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My daughter was neg as well. But the symptoms were to similar to celiac. So I had her go gluten-free. She has been gluten-free for 5 months and has gained 5 lbs, has normal bm's instead of D ten times a day, no behavior problems and she just looks better. I would say try the diet and if it helps just stick with it. Good luck!

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Ditto what everyone else said......just put him on the diet. I have one dd who tested positive, and two boys who tested negative. All are gluten free, and are doing much better. My 2 year old who tested negative had a wheat cracker at grandma's three days ago, and had a major reaction. He has a high fever today, and is miserable. So I don't put a lot of stock in the bloodwork for young kids. My one daughter who did test positive was 3 years old at the time, and looked like she was dying. We are still playing catch up one year later, there was a lot of physical and neurological damage done.

Try the diet, see if it helps. My 2 year old had eczema patches all over his body, and it has totally cleared up now. So has his lactose intolerance and terrible diaper rashes. His speech has also greatly improved. That's been proof enough for me! My ped dismisses all this as coincidence, but I know better.

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Guest momx3

Thank you to all who replied, I think I will take your advice. The diet seems to work well for him, I know that it is the best thing for him. By following the diet, at best, we are keeping celiac disease at bay, at worst, eating healthier (I've actually been planning most meals, and we are eating less processed foods)-- certainly a win-win for everyone. Thanks for helping me put this in perspective!

Kate

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I have a six month old son that broke out with eczema on his face just after he was two months old. I'm thinking the vac's may have tipped it off. Since then I have undergone allergy testing and found I am allergic to wheat/gluten, soy and dairy among a few others. The pneumoccocal has soy protein in it. He seems to react immedieately to soy and wheat (if I eat any), and it seems cross contamination with wheat may have been a problem a few weeks ago (its either that or vinegar in the mayo). My family is getting ready to do a stool test offered by enterolab which is much more reliable and can catch celiac disease before it does major damage to a person. Check out www.enterolab.com. You don't have to put your child back on a gluten diet to do this test as it reads IgA in the intestine which is present for a while after gluten has been eliminated. My son's eczema has cleared up almost all the way and I will gladly stay gluten/soy free.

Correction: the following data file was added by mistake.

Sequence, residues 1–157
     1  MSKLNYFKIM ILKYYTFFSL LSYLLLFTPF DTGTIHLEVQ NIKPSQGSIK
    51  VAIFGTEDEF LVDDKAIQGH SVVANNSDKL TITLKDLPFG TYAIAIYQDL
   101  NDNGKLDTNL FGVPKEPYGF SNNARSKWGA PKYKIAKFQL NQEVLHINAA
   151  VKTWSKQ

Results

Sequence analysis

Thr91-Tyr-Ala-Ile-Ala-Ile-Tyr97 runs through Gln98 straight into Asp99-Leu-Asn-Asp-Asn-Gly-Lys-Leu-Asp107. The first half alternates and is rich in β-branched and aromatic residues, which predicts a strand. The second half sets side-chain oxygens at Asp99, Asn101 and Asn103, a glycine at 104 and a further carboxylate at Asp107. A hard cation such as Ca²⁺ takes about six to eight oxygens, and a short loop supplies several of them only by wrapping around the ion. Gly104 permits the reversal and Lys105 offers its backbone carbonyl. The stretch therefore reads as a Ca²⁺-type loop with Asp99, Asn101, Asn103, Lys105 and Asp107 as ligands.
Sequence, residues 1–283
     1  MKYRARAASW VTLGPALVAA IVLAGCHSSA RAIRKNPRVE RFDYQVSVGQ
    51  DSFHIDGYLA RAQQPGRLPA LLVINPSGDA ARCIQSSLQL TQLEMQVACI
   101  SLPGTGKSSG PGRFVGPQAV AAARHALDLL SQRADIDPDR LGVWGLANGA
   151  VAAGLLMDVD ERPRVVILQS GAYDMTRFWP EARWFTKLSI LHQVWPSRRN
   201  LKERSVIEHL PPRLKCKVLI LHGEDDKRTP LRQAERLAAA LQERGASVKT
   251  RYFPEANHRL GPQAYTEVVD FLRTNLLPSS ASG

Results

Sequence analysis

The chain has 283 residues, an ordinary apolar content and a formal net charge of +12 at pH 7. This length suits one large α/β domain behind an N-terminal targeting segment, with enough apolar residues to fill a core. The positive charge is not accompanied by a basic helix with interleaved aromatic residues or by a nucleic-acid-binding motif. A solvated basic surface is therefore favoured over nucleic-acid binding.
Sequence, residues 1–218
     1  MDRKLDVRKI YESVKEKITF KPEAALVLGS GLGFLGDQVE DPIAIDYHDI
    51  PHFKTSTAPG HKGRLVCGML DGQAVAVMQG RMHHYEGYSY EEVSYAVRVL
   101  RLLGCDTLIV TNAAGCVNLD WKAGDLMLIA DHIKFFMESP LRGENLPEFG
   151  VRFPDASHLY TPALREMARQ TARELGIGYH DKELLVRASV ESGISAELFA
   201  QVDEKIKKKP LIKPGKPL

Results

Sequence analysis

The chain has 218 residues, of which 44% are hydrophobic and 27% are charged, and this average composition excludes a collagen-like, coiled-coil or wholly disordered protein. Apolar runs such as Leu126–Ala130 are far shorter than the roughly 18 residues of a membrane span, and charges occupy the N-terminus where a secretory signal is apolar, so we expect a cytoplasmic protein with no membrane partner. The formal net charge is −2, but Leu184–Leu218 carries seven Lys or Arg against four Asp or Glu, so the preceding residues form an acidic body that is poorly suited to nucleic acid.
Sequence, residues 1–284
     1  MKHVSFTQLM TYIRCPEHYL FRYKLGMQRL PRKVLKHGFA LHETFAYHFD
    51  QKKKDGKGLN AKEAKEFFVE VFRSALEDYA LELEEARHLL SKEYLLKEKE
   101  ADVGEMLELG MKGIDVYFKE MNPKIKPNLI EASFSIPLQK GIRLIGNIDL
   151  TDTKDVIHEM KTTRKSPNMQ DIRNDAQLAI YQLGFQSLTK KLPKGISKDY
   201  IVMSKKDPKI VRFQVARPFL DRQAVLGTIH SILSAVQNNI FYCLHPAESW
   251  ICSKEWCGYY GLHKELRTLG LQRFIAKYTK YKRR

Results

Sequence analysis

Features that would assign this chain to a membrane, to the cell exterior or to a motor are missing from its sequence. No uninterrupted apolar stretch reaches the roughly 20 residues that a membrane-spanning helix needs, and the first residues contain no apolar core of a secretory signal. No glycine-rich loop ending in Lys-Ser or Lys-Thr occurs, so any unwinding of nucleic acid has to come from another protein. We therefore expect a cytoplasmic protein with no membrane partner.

:):P

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It's interesting... my mom told me yesterday that she read an article on celiac which said that the results for the bloodtests are inaccurate 90% of the time! I don't know if this study was wrong but still, it's something to think about.

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My blood tests were negative....but the intestinal biopsy was positive. My kids do better gluten free so they will stay that way..regardless of any tests. Follow your insticts. Remember doctors are only "practicing medicine".

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Guest Justine

Hi this is my first time on this site and I'd firstly like to apologise for my spellings. I am in the UK and have a 4 year old son who was diagnosed last summer with Coeliac disease. We struggled to get any kind of help for why our son wasnt thriving and at 3 years old, the health profession classed him as malnourished. They told us he was just a fussy eater, even when we knew he wasnt. He was never actually physically tested till last year (at different hospital with different authority - ie. second opinion). In the first two years of his life, he saw dieticians, had messy food play, for children who were frightened of eating, speech therapy, because he wasnt eating and therefore not using the muscles in his jaw and so mainly grunted. To cut a very long story short, I took him for a second opinion at a different hospital and from then on it took another year to get a sort of diagnosis. He had lots of tests for hirschsprungs disease (he has chronic constipation) , cystic fibrosis (twice), Coeliac disease (3 negative blood tests, 1 weak positive) and biopsies. The biopsy came back negative but when he came out of hospital and had a follow up appointment a week or so later, they told us that the blood test was a weak positive and so he should try the gluten free diet. Within Joshi being on the diet for a short time his weight increased dramatically very quickly and so they concluded that er yes he did have coeliac disease. I have always been led to believe that in UK we could only be classed/diagnosed coeliac with a positive biopsy. I am so glad (if thats the right term - sorry) to see that so many are in the same position as my son. I've always felt that his diagnosis wasnt quite right. But I'm a lot happier now that I've seen your postings. I've always known there was something actually wrong with our son and not that he was a fussy eater. Joshi is 100 times happier now, no pain like he used to have, he talks all the time, energy coming out of his ears and his character is blooming into a little comic! Joshi still struggles with the chronic constipation (this is also something I didnt think that was that common - until I read your postings) so much so that I clean 15 to 20 pairs of underpants every day. Its hard not to show my frustration. He is scared to use the toilet, so he does it in his pants.